OPRF's neighbors should bow to the greater good

Opinion

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KEN TRAINOR

In the dispute over lights at OPRF stadium, are the opponents NIMBYs? Judging by the majority of the letters to the editor I've received, I'd have to say yes.

That doesn't mean they don't have valid concerns and complaints. They do, and I sympathize. Friday night football games will be an aggravation for some (not all). It will draw (I hope, for the sake of the high school) a sizable crowd. It's reasonable to be concerned about litter and security.

It's not reasonable to assert that your property values will plummet. (The burden of proof is on the opponents, and it would have to be a clear pattern of plummeting around lighted stadiums throughout the western suburbs. I simply don't believe it.) Nor is it reasonable to assume intoxicated and/or drug-crazed youth will riot on your front lawns or parkways. Nor will fans stop to urinate on your lawns. And it's really off the wall to maintain that the lights will cause the deaths of a myriad migrating birds each fall and spring. Most of all, it will not destroy your peaceful way of life?#34;only irritate and complicate it, briefly and occasionally.

But NIMBYs have a tendency to throw everything at the wall, unreasonable with the reasonable, to see what sticks. That undermines credibility. Better, in my opinion, to be an IIMBYIDC: If In My Back Yard, I Deserve Consideration.

And the neighbors do deserve consideration. The lights are bright. If possible, even if it costs more, the high school should find lights that reduce the residual glare (though they won't be able to reduce it all, hence the aggravation). Fights do break out at sporting events (and some kids do drink). But if you've ever been to an OPRF sporting event, you know that security personnel, boosted by the Oak Park police, are frighteningly quick to smother any disturbance. In fact, it's a little unsettling to watch.

The school should have litter patrols scouring the lawns of all the neighbors following every game. And they should limit the number of games where the lights are turned on, as well as the hours of use. Hell, operations manager Jack Lanenga should give neighbors his cell phone number so they can lodge complaints instantly.

That's consideration and the neighbors deserve it.

They should not, however, be able to veto lights when there are good reasons to use them?#34;expanded use of limited fields, giving bored adolescents something fun and worthwhile to do on a Friday night, reviving school spirit and a moribund football program?#34;all compelling reasons, which indirectly benefit the whole community.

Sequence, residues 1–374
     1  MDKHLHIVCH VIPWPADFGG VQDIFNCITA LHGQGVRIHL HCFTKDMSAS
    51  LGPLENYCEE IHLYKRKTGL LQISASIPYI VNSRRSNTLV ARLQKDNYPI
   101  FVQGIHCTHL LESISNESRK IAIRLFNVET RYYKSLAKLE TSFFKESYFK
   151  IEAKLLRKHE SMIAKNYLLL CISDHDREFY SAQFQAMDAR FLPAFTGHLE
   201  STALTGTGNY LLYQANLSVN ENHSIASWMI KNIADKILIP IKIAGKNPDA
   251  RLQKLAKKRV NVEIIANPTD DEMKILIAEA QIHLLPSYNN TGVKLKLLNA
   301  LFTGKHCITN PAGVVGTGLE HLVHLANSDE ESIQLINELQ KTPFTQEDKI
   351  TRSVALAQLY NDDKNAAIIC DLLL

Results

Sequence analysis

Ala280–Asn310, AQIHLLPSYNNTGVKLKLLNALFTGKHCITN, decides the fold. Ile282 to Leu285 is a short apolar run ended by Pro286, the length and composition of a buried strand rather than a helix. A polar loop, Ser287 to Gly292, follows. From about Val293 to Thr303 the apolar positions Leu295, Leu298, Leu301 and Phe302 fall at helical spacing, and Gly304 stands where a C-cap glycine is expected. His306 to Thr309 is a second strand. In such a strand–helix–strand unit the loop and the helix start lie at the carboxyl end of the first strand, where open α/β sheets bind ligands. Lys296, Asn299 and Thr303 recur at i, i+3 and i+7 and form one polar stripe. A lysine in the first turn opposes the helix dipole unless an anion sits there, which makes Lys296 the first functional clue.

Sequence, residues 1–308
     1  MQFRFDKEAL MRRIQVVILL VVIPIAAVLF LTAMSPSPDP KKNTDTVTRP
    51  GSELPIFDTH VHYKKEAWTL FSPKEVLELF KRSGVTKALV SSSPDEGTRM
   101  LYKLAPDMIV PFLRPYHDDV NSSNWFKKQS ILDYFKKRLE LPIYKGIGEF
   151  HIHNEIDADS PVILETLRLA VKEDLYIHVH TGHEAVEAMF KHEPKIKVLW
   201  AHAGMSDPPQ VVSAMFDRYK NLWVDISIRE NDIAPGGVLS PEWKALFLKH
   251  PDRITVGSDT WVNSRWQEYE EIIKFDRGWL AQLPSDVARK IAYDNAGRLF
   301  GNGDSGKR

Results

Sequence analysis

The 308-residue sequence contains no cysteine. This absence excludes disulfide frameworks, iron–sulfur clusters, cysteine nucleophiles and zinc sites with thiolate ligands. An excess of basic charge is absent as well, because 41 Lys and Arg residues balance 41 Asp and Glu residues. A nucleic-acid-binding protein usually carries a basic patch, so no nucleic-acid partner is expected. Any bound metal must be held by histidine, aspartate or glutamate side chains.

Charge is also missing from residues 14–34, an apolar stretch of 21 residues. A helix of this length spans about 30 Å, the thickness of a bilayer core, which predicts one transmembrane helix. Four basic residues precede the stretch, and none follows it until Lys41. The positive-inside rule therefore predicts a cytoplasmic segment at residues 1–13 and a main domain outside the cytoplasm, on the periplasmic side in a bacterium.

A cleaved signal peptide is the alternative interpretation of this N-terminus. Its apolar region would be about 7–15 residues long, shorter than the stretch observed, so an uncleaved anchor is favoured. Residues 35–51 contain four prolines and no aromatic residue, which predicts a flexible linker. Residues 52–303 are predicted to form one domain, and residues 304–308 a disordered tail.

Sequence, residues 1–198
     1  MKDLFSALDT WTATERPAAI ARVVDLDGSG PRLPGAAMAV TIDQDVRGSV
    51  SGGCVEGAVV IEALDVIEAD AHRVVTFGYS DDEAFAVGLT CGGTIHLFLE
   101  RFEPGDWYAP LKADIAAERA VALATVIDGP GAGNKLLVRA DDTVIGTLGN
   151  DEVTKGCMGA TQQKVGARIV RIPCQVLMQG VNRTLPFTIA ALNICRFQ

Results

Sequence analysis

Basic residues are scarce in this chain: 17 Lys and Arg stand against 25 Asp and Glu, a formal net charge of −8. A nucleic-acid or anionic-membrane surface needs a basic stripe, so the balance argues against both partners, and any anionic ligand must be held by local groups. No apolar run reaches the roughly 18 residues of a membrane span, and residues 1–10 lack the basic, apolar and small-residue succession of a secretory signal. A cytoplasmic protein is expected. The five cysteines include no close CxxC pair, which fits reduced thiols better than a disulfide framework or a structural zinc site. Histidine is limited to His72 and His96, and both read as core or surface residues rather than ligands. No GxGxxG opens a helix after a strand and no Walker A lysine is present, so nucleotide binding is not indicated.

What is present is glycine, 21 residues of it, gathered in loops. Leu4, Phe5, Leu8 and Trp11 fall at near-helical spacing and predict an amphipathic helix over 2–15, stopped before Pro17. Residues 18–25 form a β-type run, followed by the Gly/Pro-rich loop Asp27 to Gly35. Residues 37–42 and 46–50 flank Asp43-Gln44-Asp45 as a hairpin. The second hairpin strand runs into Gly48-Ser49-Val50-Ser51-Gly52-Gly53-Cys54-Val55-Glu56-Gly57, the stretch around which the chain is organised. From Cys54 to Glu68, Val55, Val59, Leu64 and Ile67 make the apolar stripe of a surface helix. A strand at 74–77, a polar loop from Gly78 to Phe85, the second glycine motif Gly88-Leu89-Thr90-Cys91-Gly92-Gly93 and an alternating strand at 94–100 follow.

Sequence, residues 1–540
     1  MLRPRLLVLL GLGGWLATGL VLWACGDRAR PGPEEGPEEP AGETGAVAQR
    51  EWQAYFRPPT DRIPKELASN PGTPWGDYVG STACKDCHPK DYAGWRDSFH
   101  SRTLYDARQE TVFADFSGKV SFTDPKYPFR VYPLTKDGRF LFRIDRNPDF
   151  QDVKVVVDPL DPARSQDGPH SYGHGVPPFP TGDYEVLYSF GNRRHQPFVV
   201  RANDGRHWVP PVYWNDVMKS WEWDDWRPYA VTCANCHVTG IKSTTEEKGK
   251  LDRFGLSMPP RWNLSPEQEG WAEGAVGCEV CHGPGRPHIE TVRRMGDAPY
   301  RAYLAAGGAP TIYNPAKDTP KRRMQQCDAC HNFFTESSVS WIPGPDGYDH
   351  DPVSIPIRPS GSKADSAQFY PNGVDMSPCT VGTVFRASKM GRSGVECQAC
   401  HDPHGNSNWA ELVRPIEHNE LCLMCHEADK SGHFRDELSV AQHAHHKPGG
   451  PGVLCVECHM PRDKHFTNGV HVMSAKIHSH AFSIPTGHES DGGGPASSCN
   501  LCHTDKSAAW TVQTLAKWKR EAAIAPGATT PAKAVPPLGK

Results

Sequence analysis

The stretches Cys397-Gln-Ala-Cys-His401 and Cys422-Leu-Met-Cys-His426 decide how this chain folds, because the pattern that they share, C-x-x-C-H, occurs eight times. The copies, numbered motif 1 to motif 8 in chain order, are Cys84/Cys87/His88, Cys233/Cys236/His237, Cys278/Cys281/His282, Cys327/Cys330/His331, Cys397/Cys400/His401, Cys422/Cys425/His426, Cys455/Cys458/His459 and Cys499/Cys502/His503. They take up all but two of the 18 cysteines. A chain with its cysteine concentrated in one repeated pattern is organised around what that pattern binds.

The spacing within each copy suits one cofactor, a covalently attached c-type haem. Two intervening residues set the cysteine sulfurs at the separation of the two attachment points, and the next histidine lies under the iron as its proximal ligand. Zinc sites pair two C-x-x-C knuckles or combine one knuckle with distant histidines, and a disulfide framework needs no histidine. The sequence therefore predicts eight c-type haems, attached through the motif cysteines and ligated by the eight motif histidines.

When community interests conflict with the personal comfort levels of a limited number of property owners, the former should always take precedence?#34;with one caveat: that some buffer (at least one street) exists between the residents and the lighted location. Is your peace and quiet really more important than something that would benefit so many others? If you believe personal property rights always take precedence over community interests, then in my book, you're a NIMBY.

Over at Keystone Park West in River Forest, the story is different. Two multifamily buildings abut the park with no buffer, no street, in between. At least one large light standard would have to be placed directly in front of the buildings with the others shining into their windows, unobstructed. Those residents have a much more compelling argument, which means they aren't NIMBYs. I'm not sure "consideration" is even possible in that case.

At OPRF High School, the neighbors should stop opposing the lights and put all their efforts into "consideration." The high school, in my opinion, has a responsibility, if not a moral obligation to address their concerns in a practical, tangible way. If they do that in good faith, the opponents should bow to the greater good, not demand a thousand and one environmental studies.

And what will they do on Friday nights each fall to cope with this unwanted intrusion? Well, they can either turn their houses into bunkers and sulk ... or they can take a more reasonable approach.

Why not attend the games (courtesy of OPRF, of course)?

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